To make a long story short, it was soon realized that the L-cells of the  intestine produce and secrete a peptide derived from a form of pro-glucagon, now known as glucagon-like protein-1 or GLP-1.  This has several effects in the pancreas and is mainly involved in increasing insulin secretion and inhibiting glucagon release.  The next figure, taken from Medscape illustrates this. 

A GLP-1-like peptide is found in a lizard which eats only a few times each year, controlling insulin secretion to pass the eating habits of that strange animal.  Click here for more information.  The working mechanism of GLP-1 in the beta cell was suggested to be activation of adenyl cyclase and protein kinase A.  This could to lead to phosphorylation of a voltage-dependent K+ channel.  Thus two K+ channels, KATP and Kv may be involved in adjusting K+ levels in the beta cell.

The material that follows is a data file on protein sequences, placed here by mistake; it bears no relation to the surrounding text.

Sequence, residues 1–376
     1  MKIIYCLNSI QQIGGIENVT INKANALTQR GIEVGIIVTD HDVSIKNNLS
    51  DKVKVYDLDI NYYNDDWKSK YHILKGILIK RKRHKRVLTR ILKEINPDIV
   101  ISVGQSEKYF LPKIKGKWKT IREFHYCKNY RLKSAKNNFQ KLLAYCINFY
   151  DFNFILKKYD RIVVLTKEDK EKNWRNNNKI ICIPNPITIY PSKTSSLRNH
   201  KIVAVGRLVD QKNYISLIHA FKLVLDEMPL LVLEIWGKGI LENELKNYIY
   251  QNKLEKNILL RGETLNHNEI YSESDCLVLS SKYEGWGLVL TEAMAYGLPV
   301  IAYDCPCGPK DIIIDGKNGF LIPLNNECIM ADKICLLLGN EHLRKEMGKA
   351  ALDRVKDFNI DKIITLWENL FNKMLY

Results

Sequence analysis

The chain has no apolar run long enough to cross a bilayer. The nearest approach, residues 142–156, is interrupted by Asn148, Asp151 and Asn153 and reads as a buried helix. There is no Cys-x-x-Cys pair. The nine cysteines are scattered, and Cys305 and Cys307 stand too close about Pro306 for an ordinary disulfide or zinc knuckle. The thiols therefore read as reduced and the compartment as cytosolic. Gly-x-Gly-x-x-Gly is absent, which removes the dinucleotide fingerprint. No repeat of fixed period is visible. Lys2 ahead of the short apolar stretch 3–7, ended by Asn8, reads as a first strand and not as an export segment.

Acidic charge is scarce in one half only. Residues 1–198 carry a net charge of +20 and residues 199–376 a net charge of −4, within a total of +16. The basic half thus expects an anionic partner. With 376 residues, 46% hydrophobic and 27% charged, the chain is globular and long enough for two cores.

The incretin area has advanced quite rapidly and several preparations are now in use clinically.  I refer my readers to, which has an extensive "resource center" dedicated to this subject.  Click here to connect.  Use of Medscape requires cost-free registration.  

Several Potassium Channels Determine Membrane Potential and Steer Insulin Secretion.

The Voltage-Dependent K+ Channel (Kv channel).

Insulin release from beta cells is controlled by the intracellular K+ concentration.  As described above, flux of K+ from these cells is believed to be controlled by the KATP channel.  However, there are several other potassium- carrying pores in beta cells and the intracellular concentration of K+ reflects the balance between these. 

The most interesting today is perhaps the Kv channel.  This pore system is voltage-dependent.  It opens following depolarization of the cell membrane, in a manner similar to the voltage dependent Ca++ channel (VDCC channel). 

While depolarization of the cell membrane follows inhibition of the potassium releasing channel, repolarization is the result of activation of a channel which ships potassium out of the cell!  The potassium (K+) level in the beta cell (and, therefore, the membrane potential) is dependent upon the balance between these two port systems.  The rate of insulin secretion is, therefore, also dependent upon the balance between these two K+ transport mechanisms.